Completely different behavior is observed at the DBs. Figure 3e depicts a DB separating two bismuthene phase domains in the upper and lower half of the image. Like the free zigzag edge, the DB is not straight throughout, but consists of three adjacent straight segments interrupted from each other by kinks (strictly speaking: doublekinks). The local tunneling spectra are measured off and on the DB (positions marked by the colored squares in Fig. 3e) and shown in Fig. 3d. While the bulk spectrum (gray) is practically unchanged with respect to the previous case, the DB spectra (green, blue, and red curves) differ significantly from the smooth gap filling seen for free zigzag edges. They are instead characterized by rapid variations with energy evolving into distinct LDOS peaks near and below zero bias, (labeled E_{1}–E_{4} in Fig. 3d). The peak intensities display a strong spatial modulation along the DB, even when measured at topographically equivalent positions (see, e.g., green vs. blue spectrum), pointing towards a nonstructural origin. This is even better seen in Fig. 3f showing the full energydependent LDOS measured along the DB. The spatial dI/dV(E, x) dependence not only reflects the DB’s morphological periodicity of 2a_{Bi}, but, in stark contrast to the free zigzag edge, features additional periodic modulations at the discrete energies E_{1} to E_{4} of the spectral peaks in Fig. 3d. Their wavelength decreases towards higher energy, reminiscent of standing waves in a resonator. This interpretation is further corroborated by the twodimensional LDOS maps of the DB in Fig. 3g measured at the resonance energies E_{1} to E_{4}. The modulations are indeed wavelike along the direction of the DB, with their wavelength λ directly inferred from the widthintegrated dI/dV line profiles also contained in Fig. 3g.
All observations are consistent with the formation of electronic FabryPérot states^{26}, resulting from QPI due to backscattering off the DB kinks. We note in passing that at higher energies (bias > E_{4}) the QPI wavelength will become comparable to the lattice constant, resulting in complex beating between structural and electronic periodicities. This may account for the complicated dI/dV spectral behavior in this energy region (see Fig. 3d). The FabryPerót picture of partially reflected waves also accounts for the observation that the dI/dV data in Fig. 3d, f, g is composed of two components: (1) a smooth background signal, and (2) a strongly modulated (peaky) component along the domain boundary. We associate component (1) with the unscattered, i.e., transmitted part of the propagating edge state through the kink, and component (2) with the backscatteringinduced interference effect.
Linear scaling of Fabry–Pérot resonances
Our combined data thus provide clear evidence that the protection against backscattering observed for the free zigzag (and armchair^{23}) edge is lifted for the metallic DB states, at least partially. What remains to be shown is that the FabryPérot states in the DBs are composed of coupled topological edge states and not just caused by QPI of trivial boundary states. For this purpose we utilize the fact that the standing wave excitations carry information on the E(k) dispersion of the underlying electronic states. It can be directly inferred from our STS results, with a first hint already given by the dI/dV(E, x) data in Fig. 3f. Their Fourier transform into reciprocal space is shown in Fig. 3h where the FabryPérot modulations generate a linear E(k) structure (marked by the yellow line), as expected for a Diraclike topological edge state. For a more systematic determination of the dispersion we have analyzed the standing wave excitations in the dI/dV maps of many different straight and defect free DB sections, with lengths ranging from 3.2nm to 8.6nm. For each DB section we determined the wavelength λ of its standing waves as a function of energy. In order to correct for extrinsic energy shifts due to local variations of the chemical potential (see Supplementary Fig. S4), all energies are referred to the bulk valence band onset E_{VBM}, individually measured in the local vicinity of each respective DB. The standing wave energies thus obtained are plotted in Fig. 4a as function of k = π/λ. The data points are consistently described by a linear dispersion of the form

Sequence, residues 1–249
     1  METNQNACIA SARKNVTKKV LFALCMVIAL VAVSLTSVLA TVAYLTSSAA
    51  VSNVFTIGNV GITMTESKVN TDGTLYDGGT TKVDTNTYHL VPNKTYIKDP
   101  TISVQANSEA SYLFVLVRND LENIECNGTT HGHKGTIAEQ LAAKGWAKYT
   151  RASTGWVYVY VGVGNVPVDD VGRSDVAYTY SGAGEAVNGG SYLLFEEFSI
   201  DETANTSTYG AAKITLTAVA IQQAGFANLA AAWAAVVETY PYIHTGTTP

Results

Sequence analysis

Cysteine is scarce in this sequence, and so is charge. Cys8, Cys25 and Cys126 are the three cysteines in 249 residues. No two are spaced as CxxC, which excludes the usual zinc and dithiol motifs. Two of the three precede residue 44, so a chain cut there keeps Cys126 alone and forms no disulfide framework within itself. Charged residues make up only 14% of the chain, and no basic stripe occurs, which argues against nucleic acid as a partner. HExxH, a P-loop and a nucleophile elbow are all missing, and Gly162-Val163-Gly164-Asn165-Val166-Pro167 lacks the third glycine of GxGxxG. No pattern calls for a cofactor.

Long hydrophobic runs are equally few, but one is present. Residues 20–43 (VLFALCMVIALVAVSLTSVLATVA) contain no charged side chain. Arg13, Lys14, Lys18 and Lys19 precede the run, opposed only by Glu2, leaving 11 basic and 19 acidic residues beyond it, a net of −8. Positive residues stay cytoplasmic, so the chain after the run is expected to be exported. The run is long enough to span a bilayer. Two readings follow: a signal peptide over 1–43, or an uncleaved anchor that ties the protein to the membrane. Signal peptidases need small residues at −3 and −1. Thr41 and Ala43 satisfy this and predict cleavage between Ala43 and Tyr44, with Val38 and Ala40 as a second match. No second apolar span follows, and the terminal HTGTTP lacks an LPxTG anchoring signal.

where E_{D} is the Dirac point energy relative to E_{VBM} and v_{F} the Fermi velocity. A possible small hybridization gap due to interedge tunneling (cf. Fig. 1b) is not resolved here. A numerical fit of our data with the dispersion of equation (1) yields E_{D} = −0.39(8) eV and \(\hslash\)v_{F} = 3.6(6) eV Å. For comparison, the theoretical Fermi velocity predicted for the bismuthene zigzag edge is \(\hslash\)v_{F} = 4.3 eV Å. Densityfunctional theory (DFT) predicts for the topological state at a bismuthene zigzag edge a bare Fermi velocity of 2.6 eV Å^{21}. However, this DFT calculation (using a PBE exchangecorrelation potential) strongly underestimates the indirect band gap (\({E}_{{{{{{\rm{gap}}}}}}}^{{{{{{\rm{DFT}}}}}}}={{{0.48}}}\,{{{{{{\rm{eV}}}}}}}\)) spanned by the edge state. Its actual experimental value is \({E}_{{{{{{\rm{gap}}}}}}}^{{{{{{\rm{exp}}}}}}}={{{0.8}}}\,{{{{{{\rm{eV}}}}}}}\) ^{21,22}. Renormalizing v_{F} by the factor \({E}_{{{{{{\rm{gap}}}}}}}^{{{{{{\rm{exp}}}}}}}/{E}_{{{{{{\rm{gap}}}}}}}^{{{{{{\rm{DFT}}}}}}}\) yields the value given above. This good correspondence provides smoking gun evidence that the FabryPérot states observed in the bismuthene DBs are indeed derived from pairs of topological edge states, and that their coupling opens a channel for singleparticle backscattering, i.e., that their topological protection is lifted.
Related work
It is interesting to put these results into perspective with respect to related recent work. Pedramrazi et al.^{31} have conducted STM/STS on similar DBs in the 2D TI \(1T^{\prime}\)WSe_{2}. While they report qualitative differences in spectral line shape in the DBs versus interfaces between topological and trivial phases, no backscatteringinduced QPI could be detected. Further, Howard et al.^{32} do observe QPI at step edges of the quantum anomalous Hall material Co_{3}Sn_{2}S_{2} induced by random local impurities. They relate their findings to the coupling of chiral edge states in this material system with broken timereversal symmetry.
Conclusion and outlook